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Management Report

Management reports, briefs issued by Samsung Economic Research Institute

Measuring the Real Size of Government

Measuring the Real Size of Government

LEE Dong-Won

Feb. 5, 2007

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A government intervenes in the private sector through the means of fiscal spending and regulatory fiats. Fiscal spending provides public goods and service, while the laws and regulations influence private decision making in a myriad of ways. Although government intervention can help the economy run more efficiently by fixing the problems of market failure, excessive public expenditure and regulations hamper economic growth. For example, fiscal spending leads to an increase in tax burden and government debt, while heavy regulations discourage economic activities.

Fiscal spending is the conventional benchmark used to assess the impact of government on the overall economy. Regulation, however, also influences the economy by raising the cost of economic activities. Without properly accounting for the regulation, fiscal spending significantly underestimates the level of government intervention. Thus, a measure of the size of real government must include the regulatory side of government as well as fiscal spending.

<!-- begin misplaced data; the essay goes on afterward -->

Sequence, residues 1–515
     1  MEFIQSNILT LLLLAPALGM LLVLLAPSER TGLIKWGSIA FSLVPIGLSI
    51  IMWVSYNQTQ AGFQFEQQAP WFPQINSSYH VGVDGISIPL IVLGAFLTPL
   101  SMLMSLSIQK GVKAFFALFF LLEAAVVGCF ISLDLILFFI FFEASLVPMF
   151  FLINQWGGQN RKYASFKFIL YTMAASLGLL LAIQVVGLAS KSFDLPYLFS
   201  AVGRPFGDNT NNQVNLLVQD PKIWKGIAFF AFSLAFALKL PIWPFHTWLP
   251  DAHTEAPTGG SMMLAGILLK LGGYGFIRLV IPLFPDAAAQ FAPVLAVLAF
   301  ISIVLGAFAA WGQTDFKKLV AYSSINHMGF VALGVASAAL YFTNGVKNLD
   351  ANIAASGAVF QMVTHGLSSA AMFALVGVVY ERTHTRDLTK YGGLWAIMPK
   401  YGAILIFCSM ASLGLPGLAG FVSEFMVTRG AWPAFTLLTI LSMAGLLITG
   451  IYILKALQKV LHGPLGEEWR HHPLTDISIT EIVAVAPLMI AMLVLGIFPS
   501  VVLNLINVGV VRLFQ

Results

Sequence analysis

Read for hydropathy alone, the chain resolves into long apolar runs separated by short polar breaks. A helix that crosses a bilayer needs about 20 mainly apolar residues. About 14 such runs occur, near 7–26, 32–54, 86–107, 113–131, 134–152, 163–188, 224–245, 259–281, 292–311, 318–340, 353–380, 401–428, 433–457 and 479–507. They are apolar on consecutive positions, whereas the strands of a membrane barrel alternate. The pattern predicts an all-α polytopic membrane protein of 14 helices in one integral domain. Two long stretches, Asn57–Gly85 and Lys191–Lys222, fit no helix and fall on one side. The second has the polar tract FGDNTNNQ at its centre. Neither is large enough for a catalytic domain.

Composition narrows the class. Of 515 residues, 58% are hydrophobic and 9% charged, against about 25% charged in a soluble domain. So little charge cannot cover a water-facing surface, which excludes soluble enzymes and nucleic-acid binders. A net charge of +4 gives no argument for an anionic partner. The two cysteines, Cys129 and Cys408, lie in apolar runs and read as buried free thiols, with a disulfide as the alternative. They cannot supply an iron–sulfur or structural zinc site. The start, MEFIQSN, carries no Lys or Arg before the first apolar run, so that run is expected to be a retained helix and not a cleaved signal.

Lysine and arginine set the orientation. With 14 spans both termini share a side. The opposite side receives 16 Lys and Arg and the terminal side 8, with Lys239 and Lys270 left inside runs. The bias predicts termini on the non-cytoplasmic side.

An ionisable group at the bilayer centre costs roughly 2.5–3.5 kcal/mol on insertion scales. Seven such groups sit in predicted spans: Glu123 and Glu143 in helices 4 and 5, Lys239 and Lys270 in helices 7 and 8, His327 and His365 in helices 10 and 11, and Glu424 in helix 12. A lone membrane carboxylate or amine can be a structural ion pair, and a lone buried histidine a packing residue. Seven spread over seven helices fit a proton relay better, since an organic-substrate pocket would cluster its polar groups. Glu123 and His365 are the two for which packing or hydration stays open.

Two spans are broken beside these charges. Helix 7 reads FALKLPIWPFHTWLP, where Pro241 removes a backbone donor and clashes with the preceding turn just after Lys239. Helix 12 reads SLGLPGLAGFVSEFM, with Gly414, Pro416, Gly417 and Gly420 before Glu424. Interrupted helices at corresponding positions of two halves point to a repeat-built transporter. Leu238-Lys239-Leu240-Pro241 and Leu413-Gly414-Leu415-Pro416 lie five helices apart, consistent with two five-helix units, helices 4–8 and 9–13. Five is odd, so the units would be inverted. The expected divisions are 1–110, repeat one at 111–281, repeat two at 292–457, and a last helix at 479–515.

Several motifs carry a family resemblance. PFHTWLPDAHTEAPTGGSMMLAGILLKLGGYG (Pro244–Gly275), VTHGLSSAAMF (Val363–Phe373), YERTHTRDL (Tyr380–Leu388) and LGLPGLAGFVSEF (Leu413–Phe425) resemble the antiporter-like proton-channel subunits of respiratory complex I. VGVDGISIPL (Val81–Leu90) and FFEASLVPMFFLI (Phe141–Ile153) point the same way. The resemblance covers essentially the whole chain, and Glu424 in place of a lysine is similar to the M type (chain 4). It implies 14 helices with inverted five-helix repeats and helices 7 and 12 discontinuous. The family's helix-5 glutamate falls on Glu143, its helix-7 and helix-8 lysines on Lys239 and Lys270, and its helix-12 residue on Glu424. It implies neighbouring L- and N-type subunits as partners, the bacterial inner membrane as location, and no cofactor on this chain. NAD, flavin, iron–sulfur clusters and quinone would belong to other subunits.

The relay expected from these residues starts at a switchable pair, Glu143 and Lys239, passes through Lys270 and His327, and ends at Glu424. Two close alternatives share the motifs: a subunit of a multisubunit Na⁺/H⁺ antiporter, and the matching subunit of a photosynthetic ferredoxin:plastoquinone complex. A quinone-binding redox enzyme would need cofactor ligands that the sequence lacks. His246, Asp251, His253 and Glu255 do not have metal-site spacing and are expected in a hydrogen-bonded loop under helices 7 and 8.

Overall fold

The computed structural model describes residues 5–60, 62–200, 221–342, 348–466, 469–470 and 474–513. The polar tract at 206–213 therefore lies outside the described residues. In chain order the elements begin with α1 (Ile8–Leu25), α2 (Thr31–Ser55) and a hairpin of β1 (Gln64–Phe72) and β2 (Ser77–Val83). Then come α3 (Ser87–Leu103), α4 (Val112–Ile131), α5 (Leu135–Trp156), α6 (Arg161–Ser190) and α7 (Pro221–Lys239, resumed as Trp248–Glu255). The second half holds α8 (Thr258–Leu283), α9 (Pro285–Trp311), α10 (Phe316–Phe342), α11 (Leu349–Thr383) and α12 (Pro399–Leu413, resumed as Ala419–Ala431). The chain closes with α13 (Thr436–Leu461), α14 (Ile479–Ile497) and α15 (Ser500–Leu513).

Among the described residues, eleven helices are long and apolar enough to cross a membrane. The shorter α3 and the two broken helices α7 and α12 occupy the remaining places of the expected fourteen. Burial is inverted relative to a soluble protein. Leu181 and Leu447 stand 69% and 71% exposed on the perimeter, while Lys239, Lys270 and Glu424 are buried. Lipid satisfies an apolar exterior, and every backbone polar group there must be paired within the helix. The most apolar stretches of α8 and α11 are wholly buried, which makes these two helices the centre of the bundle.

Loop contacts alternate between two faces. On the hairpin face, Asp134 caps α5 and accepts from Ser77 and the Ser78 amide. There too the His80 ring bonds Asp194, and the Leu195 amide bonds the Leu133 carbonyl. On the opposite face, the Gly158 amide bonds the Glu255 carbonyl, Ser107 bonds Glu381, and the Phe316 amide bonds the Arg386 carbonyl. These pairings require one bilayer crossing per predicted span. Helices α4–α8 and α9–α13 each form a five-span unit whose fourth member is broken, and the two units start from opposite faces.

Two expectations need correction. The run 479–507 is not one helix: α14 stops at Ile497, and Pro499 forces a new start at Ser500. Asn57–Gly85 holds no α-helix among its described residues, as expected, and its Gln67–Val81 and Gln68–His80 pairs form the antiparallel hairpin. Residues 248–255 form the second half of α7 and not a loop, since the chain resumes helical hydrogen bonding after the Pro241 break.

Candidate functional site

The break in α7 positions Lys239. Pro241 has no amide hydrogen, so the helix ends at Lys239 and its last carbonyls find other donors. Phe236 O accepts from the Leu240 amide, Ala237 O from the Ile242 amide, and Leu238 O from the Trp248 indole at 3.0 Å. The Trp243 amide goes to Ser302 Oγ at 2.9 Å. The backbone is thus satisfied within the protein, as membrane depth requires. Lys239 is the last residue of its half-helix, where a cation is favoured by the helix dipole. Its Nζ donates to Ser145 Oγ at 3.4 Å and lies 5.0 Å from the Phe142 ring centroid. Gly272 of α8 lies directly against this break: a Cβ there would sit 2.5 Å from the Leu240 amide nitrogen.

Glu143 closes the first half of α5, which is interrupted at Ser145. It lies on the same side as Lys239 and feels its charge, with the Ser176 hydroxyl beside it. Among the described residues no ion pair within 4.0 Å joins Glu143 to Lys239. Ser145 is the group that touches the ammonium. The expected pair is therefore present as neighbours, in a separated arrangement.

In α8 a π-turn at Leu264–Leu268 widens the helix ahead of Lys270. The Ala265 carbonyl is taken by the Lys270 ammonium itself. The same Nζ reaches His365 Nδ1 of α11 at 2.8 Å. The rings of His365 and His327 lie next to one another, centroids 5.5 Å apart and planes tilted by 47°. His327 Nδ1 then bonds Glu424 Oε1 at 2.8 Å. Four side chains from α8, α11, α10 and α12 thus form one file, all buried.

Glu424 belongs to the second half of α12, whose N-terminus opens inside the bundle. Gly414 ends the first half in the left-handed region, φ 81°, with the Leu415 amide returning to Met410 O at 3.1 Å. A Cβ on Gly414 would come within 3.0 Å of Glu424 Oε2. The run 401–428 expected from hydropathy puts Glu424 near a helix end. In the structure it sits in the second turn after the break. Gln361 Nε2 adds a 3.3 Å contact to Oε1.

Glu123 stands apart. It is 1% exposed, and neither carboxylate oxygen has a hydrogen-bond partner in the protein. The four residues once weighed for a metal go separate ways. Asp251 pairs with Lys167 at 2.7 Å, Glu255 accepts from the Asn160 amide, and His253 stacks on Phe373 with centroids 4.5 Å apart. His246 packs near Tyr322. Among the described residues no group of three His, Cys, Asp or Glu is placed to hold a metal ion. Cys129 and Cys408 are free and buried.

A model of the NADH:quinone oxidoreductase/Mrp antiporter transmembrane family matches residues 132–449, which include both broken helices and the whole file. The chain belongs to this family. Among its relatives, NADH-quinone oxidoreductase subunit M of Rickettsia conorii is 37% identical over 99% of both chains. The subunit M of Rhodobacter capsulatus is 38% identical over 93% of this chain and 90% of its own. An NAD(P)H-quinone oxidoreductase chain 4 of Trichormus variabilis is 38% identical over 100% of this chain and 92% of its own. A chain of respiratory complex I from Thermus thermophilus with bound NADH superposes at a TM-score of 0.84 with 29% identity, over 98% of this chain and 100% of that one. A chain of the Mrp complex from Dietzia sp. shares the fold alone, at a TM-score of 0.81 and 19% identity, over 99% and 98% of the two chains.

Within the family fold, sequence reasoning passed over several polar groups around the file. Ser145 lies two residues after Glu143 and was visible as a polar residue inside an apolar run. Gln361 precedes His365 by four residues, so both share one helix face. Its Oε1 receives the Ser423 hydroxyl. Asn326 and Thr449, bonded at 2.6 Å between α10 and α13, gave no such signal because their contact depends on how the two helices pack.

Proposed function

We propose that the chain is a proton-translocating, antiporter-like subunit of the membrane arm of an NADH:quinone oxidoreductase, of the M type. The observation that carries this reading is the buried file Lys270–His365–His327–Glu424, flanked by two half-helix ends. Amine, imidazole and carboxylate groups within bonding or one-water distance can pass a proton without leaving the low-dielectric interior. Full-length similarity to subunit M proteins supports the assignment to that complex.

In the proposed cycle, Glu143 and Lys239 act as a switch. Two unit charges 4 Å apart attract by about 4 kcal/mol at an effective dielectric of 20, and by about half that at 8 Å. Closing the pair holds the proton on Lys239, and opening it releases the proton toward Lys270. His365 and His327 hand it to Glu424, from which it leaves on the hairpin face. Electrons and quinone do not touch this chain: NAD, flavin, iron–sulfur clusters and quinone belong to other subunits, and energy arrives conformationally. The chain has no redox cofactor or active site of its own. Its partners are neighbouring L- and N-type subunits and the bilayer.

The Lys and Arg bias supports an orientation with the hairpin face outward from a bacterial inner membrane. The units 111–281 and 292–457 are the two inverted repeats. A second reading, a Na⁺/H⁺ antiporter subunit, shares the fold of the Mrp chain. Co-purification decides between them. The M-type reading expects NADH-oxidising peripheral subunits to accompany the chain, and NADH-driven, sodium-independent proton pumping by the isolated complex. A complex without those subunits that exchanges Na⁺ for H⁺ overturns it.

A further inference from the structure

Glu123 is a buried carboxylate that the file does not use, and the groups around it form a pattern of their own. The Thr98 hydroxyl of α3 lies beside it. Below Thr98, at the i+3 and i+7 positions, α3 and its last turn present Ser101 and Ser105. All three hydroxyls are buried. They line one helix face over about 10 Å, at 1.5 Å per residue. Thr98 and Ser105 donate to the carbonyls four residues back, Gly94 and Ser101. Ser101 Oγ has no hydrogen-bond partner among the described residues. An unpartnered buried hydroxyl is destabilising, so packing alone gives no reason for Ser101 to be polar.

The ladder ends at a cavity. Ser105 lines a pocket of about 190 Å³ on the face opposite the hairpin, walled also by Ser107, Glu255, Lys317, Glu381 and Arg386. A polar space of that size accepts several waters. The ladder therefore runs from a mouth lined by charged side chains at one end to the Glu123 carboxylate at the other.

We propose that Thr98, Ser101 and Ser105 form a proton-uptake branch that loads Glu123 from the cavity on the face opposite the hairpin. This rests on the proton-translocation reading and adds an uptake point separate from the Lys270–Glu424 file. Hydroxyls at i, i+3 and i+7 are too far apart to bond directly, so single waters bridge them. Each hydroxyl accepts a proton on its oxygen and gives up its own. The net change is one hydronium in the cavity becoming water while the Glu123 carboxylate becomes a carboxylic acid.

The Korean government's fiscal spending has grown since the 1997 financial crisis, particularly in the areas of welfare spending and national development. General government outlays accounted for 29.4% of Korea's GDP between 2003 and 2006, up 7.9 percentage points from the 21.5% of GDP between 1993 and 1997. With fiscal spending outstripping tax revenue, the government's deficit has also increased. The consolidated central government deficit, excluding social security trust fund, was 2.1% of the GDP, on average between 1998 and 2005. The share of Korea's national debt in GDP more than doubled from 12.3% in late 1997 to 30.7% in late 2005.

In the wake of the 1997 financial crisis, the Korean government significantly reduced the burden of administrative regulations. From 1998 to 2000, for instance, roughly 4,500 pieces of rules and regulations were abolished. Nonetheless, the government has steadily increased the level of regulation since then. Between 2001 and 2007, the government introduced about 1,000 new administrative rules and regulations. To better understand where Korea is headed amid rising fiscal spending and regulatory interventions, one must look at what composes a government's actual size.


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